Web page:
Kalamazoo vs Nashville plant

mudface

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So, slightly off topic but curious as I am.. how does Memphis fit in now, qualitywise?
Any opinions on that?

Love silverburst btw
The Memphis plant was primarily for ES and acoustic models...... the facility was sold (2018) during the bankruptcy of Gibson.

Production was moved to the Nashville facility.
 

Reflect_ion

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Ive owned several 70s kalamzoo and nashville LP standards and customs and have played many more. By late 70s the variance in neck/horn shape or build quality is same as with any guitar. Soundwise those t-tops are extremely consistent so sound the same.
I sold all but a ‘79 nashville custom because had a decently full neck, weighs a mere 9.5lbs, and sounds/plays as good as any...also has trad horn shape.
BTW, the bodies of that period are actually slightly shorter than traditional LP dimensions.
So no real consensus then on the "Kalamazoo kept the original shape and Nashville introduced the sharp horn from '78 till '82"?

Also, I'd think the short bodies would imply the sharp horn and vice versa, no?
 

radiomatts

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Yeah,...for $8k he can pay the shipping,.... if it was completely mint and hadn't yellowed with all it's original parts and kissed by 1980s Bo Derek's ass it still wouldn't be worth $8000..... Pass.
You had me at Bo Derek.
 

mudface

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Were the Kalamazoo made in the 80s Les Pauls also pancake bodies?
No...., the pancake body construction ended in mid 1977 at both plants.... as did the decal serial numbers.
 

mudface

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I remember @DarrellV had a red standard with the sharp horn. What plant is yours man?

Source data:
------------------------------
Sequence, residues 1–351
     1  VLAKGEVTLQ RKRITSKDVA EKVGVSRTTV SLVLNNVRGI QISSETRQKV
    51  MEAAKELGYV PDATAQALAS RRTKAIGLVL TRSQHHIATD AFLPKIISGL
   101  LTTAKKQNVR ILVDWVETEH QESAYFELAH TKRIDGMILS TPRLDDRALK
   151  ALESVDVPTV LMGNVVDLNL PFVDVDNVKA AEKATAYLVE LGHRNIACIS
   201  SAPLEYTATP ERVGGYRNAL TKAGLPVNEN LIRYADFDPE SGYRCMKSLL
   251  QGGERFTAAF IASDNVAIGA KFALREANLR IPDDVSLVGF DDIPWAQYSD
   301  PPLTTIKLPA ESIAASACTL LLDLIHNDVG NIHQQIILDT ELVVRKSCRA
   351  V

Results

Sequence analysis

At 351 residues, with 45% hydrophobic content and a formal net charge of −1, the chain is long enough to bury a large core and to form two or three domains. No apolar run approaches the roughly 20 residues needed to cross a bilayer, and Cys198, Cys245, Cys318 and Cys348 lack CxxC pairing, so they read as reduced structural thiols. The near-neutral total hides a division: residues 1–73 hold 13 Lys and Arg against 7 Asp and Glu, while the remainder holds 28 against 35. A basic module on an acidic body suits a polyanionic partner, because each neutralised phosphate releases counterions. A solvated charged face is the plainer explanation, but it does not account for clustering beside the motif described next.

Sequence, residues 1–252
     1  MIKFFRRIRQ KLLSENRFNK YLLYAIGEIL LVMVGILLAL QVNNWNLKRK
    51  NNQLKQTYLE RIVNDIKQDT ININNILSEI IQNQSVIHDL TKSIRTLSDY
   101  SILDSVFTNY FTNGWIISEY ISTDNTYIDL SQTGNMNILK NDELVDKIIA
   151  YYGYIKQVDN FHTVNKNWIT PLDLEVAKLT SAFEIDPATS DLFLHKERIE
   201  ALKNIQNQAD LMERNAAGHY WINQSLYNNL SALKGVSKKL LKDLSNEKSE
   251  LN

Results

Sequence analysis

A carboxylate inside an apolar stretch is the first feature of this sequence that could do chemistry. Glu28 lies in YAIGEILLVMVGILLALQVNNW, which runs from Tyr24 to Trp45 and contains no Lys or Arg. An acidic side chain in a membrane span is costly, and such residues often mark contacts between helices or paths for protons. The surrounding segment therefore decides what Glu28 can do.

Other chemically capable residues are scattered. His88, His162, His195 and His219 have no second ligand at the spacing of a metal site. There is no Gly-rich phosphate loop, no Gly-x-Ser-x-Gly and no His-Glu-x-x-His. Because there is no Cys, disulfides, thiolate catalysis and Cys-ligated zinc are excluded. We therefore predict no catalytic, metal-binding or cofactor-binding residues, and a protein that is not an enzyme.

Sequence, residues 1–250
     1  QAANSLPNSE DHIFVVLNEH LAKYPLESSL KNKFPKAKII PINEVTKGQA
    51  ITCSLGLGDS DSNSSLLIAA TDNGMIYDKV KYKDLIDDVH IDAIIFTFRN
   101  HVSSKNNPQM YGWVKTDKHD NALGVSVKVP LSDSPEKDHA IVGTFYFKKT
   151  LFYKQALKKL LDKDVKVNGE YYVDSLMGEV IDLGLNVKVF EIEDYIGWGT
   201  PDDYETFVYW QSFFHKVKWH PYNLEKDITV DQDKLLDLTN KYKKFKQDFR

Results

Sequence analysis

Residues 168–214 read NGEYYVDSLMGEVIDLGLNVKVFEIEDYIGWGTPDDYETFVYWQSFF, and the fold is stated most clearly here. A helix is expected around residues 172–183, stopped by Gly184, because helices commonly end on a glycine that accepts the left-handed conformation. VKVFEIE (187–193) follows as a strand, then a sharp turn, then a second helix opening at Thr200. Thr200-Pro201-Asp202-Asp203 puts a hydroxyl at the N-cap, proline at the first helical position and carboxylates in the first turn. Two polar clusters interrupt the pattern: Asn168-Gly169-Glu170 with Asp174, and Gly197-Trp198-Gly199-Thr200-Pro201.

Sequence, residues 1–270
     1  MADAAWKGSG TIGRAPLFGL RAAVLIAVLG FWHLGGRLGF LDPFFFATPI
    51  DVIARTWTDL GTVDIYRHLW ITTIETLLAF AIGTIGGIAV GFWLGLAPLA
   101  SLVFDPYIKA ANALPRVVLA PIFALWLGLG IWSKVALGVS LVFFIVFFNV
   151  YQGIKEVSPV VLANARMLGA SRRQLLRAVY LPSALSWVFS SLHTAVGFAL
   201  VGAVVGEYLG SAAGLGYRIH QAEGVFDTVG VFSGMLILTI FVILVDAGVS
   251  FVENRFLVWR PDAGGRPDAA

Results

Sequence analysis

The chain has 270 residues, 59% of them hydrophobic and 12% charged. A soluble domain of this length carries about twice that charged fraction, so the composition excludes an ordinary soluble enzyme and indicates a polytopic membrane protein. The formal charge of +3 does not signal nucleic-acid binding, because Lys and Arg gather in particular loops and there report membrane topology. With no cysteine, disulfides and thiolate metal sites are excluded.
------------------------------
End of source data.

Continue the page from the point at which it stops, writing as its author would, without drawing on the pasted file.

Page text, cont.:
@DarrellV has been MIA since September 3rd...... though I believe his CAR Standard was of Nashville origin. Short body.... though I need to check about the cutaway horn....

47488416-DA6B-4EA2-AA47-A36051BA4162.jpeg


Yup ...... sharp horn.
 
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Bob Womack

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Alrighty, I'm going to pull out my research one more time and paint a rather large bullseye on my back.

I bought a used Les Paul Standard in 1977 in Knoxville, TN. I had been saving for one for three years. There were brand new Les Pauls hanging on the rack and used ones as well. You could see the difference between the older ones and the newer ones. The older ones had sunbursts on back, neck, sides, and back of headstocks. The new ones had natural backs and necks. The old ones had three piece mahogany necks. The new ones had three-piece maple necks. The old ones had ABR-1 bridges and the new ones had a different (Nashville) bridge. The old ones had plastic jackplates. The new ones had chrome-plated metal plates. The old Standards had trussrod covers with "Standard" in a tiny script. The new ones had a bold "Standard" emblazoned on the cover. The old ones sported Kluson tuners, the new ones Grovers. The old ones had almost no volute and the new ones had a larger one. Until 1976 there was no mention of any 1970s "Standard" model in the Gibson catalog. See below for more.

I could only afford a used one but I bought one and I still have it. The differences spurred me to start researching this business. The first book I got was Tom and Mary Evans' Guitars. This book was published in 1977 and thus its research and photos dated from 1976 and before. Between page 368 and 387 the book showed Les Paul production operations at the Nashville plant. Page 387 shows a group of LPs hanging up and there are clearly maple neck LPs with clear finish. There is also one with a sunburst neck but solid body and sides.

Next I got a copy of Bacon & Day's The Gibson Les Paul Book. They said construction of the Nashville plant started in 1974 and it opened in 1975 and began to train the work force. They mentioned the abortive attempt to establish production of the Mark Series acoustics while they were also starting up production of electric guitars there. However, they said nothing of the Standards built in Kalamazoo in the early '70s except a listing of one (1) built there in 1975. They stated that as of 1976 all normal-line LPs were built at Nashville and only special case custom shop models were built in Kalamazoo. The normal line LPs were Deluxe, Standard, and Custom models. That tells you when normal production shifted. They also place the last LP Deluxe produced in K-Zoo as being made in 1974. However, in the back of the book, Bacon & Day are pretty mixed up on their serials and locations of production.